Now that Russian President Vladimir Putin has largely won the latest general elections of Russia’s lower house of parliament – the “State Duma” – economic issues could hit Russia’s economic headlines again as the banking crisis that started in the second half of 2014 following a sharp collapse of the Russian ruble (RUB) still brings negative consequences.
The Russian Central Bank revoked license for banking transactions from a number of Russian banks like the FPB Bank or RosinterBank recently, sending the ambivalent message that if the Russian state has decided to act strongly against weak banking structures, Russia’s banking sector might be in hot waters again.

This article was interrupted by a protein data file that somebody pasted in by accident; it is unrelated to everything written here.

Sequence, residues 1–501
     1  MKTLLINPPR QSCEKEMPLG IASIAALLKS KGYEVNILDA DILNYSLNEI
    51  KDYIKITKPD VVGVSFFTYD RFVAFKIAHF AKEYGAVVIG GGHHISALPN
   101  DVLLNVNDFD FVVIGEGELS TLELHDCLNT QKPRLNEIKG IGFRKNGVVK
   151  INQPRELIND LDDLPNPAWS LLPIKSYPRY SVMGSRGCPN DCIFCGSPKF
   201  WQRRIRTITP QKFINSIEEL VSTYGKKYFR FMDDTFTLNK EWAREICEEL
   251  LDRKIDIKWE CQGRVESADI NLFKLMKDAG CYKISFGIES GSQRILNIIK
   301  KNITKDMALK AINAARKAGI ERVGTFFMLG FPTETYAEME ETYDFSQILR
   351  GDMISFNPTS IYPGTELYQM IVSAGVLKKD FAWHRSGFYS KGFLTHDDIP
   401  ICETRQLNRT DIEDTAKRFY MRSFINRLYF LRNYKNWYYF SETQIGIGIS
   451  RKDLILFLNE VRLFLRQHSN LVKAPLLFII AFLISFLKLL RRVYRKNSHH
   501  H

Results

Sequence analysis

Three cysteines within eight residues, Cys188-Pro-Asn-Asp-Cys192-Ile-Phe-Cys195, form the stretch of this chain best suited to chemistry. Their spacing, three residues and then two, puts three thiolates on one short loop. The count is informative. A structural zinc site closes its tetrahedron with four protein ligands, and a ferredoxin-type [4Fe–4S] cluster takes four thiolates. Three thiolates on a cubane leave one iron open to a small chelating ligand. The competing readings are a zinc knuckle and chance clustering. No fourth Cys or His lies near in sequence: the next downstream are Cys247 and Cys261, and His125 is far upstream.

After Russia’s military intervention in Crimea, the RUB more than halved in value against the US dollar (USD) from 30 rubles for 1 dollar to 85 rubles for 1 dollar. Since then, along with an ongoing tense situation between Russia and Ukraine, the RUB has stabilized around 62/67 despite ongoing Western economic sanctions enforced simultaneously with low oil prices at USD 45 per barrel for the WTI compared to USD 110 per barrel in mid-2014.
Analysts think that there could still be more downside for the RUB as inflation remains a main concern for the Russian economy over the medium term. However Cyceon noticed that a number of US-based analysts now see more value-investment opportunities in Russia as the country’s pulling out of recession. Moody’s wrote that asset quality will see improvements next year while S&P upgraded Russia’s outlook to “stable”.
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